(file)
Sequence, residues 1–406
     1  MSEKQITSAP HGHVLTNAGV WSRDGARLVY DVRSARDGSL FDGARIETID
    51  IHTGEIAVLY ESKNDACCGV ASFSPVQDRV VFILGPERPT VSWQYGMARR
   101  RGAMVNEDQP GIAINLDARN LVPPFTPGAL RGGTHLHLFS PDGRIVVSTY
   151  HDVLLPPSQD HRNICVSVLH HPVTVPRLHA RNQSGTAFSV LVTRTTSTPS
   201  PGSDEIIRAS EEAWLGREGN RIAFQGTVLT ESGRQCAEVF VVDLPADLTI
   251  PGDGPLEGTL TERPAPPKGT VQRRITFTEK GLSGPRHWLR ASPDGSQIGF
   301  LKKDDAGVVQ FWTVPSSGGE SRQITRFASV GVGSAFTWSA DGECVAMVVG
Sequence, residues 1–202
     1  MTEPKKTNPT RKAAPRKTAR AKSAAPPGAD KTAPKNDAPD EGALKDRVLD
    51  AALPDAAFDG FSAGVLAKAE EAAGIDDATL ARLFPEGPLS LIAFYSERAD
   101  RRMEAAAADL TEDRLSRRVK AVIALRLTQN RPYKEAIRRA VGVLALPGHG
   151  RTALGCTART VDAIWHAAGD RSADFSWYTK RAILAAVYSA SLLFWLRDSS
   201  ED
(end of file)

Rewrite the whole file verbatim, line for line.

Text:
Sequence, residues 1–406
     1  MSEKQITSAP HGHVLTNAGV WSRDGARLVY DVRSARDGSL FDGARIETID
    51  IHTGEIAVLY ESKNDACCGV ASFSPVQDRV VFILGPERPT VSWQYGMARR
   101  RGAMVNEDQP GIAINLDARN LVPPFTPGAL RGGTHLHLFS PDGRIVVSTY
   151  HDVLLPPSQD HRNICVSVLH HPVTVPRLHA RNQSGTAFSV LVTRTTSTPS
   201  PGSDEIIRAS EEAWLGREGN RIAFQGTVLT ESGRQCAEVF VVDLPADLTI
   251  PGDGPLEGTL TERPAPPKGT VQRRITFTEK GLSGPRHWLR ASPDGSQIGF
   301  LKKDDAGVVQ FWTVPSSGGE SRQITRFASV GVGSAFTWSA DGECVAMVVG
Sequence, residues 1–202
     1  MTEPKKTNPT RKAAPRKTAR AKSAAPPGAD KTAPKNDAPD EGALKDRVLD
    51  AALPDAAFDG FSAGVLAKAE EAAGIDDATL ARLFPEGPLS LIAFYSERAD
   101  RRMEAAAADL TEDRLSRRVK AVIALRLTQN RPYKEAIRRA VGVLALPGHG
   151  RTALGCTART VDAIWHAAGD RSADFSWYTK RAILAAVYSA SLLFWLRDSS
   201  ED